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For example let’s take the PT6A-27.

In every video related to engine start I see, the fuel boost pump is turned on, and then the fuel pressure goes up.

Example:

My question is: where is that fuel going if the condition lever is still at the idle cutoff position? Don’t you flood the engine?

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I can’t say for sure about the jet engine mentioned. If I think of it like a piston engine, the fuel pump pressurizes the fuel lines. That in no way means that the fuel is entering the combustion part of the engine (cylinders in my case). It just means that the fuel lines leading to the fuel distribution point (carburetor or EFI) are being fed fuel at a certain pressure. A primer is a different story. It is feeding fuel directly into the combustion chamber by using pressure.

As mentioned in another post, more pressure and fuel is supplied by the fuel pump than is needed by the engine. In the case of a Cessna 172SP, the excess is routed to a reserve fuel reservoir. Here is a schematic of the fuel system from the POH.

enter image description here

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  • $\begingroup$ … and turbines don't have primers. Fuel is only introduced once the starter spun it up to certain RPM and the igniters are on. $\endgroup$ – Jan Hudec Jun 7 '20 at 20:58
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On most (probably all) PT6 installations, the fuel pumps send much more fuel than the engine needs. That extra fuel is then returned to the fuel tanks. This is true both during operation and before engine start.

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  • $\begingroup$ So your position is that fuel just starts dumping into the combustion chamber as soon as the boost pump is turned on? What does the fuel condition lever do then? $\endgroup$ – Michael Hall Jun 7 '20 at 18:32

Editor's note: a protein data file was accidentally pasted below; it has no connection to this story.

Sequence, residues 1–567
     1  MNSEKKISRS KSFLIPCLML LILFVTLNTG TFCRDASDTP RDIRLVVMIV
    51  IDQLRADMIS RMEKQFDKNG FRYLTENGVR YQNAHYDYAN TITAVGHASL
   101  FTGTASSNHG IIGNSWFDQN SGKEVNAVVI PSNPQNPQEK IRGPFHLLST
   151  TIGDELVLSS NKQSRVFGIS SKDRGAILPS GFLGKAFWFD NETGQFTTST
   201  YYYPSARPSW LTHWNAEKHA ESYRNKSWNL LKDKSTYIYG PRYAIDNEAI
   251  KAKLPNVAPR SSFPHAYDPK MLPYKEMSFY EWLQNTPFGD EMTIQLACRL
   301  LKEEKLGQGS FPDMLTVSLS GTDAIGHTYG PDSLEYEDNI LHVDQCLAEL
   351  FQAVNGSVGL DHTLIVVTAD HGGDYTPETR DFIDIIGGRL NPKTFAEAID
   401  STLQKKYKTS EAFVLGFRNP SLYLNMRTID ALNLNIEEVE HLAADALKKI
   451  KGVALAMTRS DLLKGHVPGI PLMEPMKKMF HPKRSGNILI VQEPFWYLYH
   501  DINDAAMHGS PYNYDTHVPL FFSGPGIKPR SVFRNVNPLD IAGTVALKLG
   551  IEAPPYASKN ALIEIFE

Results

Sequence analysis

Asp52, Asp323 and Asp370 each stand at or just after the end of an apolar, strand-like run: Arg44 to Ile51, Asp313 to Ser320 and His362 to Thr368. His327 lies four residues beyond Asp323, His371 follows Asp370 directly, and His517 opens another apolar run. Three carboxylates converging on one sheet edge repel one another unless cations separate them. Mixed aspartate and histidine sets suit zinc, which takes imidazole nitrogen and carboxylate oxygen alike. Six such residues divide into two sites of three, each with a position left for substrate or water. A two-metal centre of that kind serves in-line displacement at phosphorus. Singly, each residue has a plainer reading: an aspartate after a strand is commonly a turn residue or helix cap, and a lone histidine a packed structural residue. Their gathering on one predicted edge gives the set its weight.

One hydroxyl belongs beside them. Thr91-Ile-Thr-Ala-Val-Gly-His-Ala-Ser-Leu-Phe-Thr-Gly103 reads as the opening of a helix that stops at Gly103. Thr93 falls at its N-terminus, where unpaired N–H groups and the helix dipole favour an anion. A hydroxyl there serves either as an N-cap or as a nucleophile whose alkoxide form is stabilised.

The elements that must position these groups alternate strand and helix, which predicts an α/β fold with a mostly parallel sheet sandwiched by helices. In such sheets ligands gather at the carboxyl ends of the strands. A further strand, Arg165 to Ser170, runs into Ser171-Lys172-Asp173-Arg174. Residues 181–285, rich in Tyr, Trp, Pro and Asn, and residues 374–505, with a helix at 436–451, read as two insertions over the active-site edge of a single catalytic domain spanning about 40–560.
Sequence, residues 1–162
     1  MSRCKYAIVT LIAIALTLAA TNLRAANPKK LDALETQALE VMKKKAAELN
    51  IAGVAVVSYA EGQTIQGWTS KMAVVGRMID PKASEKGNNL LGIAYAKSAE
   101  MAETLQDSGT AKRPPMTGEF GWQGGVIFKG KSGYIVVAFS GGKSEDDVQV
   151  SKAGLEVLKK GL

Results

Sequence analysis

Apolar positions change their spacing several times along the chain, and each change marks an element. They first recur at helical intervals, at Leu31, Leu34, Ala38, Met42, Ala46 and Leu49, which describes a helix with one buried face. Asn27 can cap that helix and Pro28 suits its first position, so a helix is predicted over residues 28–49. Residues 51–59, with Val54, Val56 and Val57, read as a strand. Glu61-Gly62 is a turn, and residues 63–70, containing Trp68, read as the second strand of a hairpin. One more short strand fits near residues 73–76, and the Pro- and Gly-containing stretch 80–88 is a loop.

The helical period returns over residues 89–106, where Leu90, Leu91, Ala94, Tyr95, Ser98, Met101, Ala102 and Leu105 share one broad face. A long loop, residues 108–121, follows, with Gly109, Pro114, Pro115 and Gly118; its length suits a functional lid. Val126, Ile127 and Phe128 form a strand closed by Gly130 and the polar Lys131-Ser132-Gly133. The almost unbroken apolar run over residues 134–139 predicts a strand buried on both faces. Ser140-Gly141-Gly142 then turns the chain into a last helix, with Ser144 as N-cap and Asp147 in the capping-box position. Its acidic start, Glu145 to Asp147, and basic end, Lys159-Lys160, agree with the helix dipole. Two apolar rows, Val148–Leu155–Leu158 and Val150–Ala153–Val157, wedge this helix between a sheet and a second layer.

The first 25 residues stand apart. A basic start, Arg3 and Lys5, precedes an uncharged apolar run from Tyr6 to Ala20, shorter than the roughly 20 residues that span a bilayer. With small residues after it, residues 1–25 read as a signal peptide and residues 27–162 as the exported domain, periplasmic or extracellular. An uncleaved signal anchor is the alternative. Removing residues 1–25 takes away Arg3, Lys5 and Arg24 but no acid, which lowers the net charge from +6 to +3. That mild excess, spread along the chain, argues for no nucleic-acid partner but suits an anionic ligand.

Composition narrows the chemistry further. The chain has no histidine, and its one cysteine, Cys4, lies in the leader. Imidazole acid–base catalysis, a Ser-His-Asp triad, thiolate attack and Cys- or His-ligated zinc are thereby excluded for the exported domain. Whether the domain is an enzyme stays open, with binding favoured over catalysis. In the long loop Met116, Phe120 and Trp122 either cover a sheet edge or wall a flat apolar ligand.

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    $\begingroup$ @MichaelHall, not the combustion chamber, just circulating more fuel through the pipes than the injectors will use when actually open. But they are controlled by the condition lever, so they are still closed at that point. $\endgroup$ – Jan Hudec Jun 7 '20 at 21:06
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The pump just creates the pressure. The fuel doesn’t have anywhere to go until you move the condition lever to idle. Think of it like your faucet: There is water pressure there, but it doesn’t flow anywhere until you open the valve.

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  • $\begingroup$ fuel pumps don't like to run without fuel moving through the lines. The excess fuel is returned to a collector tank. The condition that fuel has nowhere to go should never happen. $\endgroup$ – Peter Kämpf Jun 9 '20 at 13:25
  • $\begingroup$ @Peter Kampf, yes good point. Still, the pump simply creates pressure, and doesn't flood the engine until the valve is opened. $\endgroup$ – Michael Hall Jun 9 '20 at 15:24

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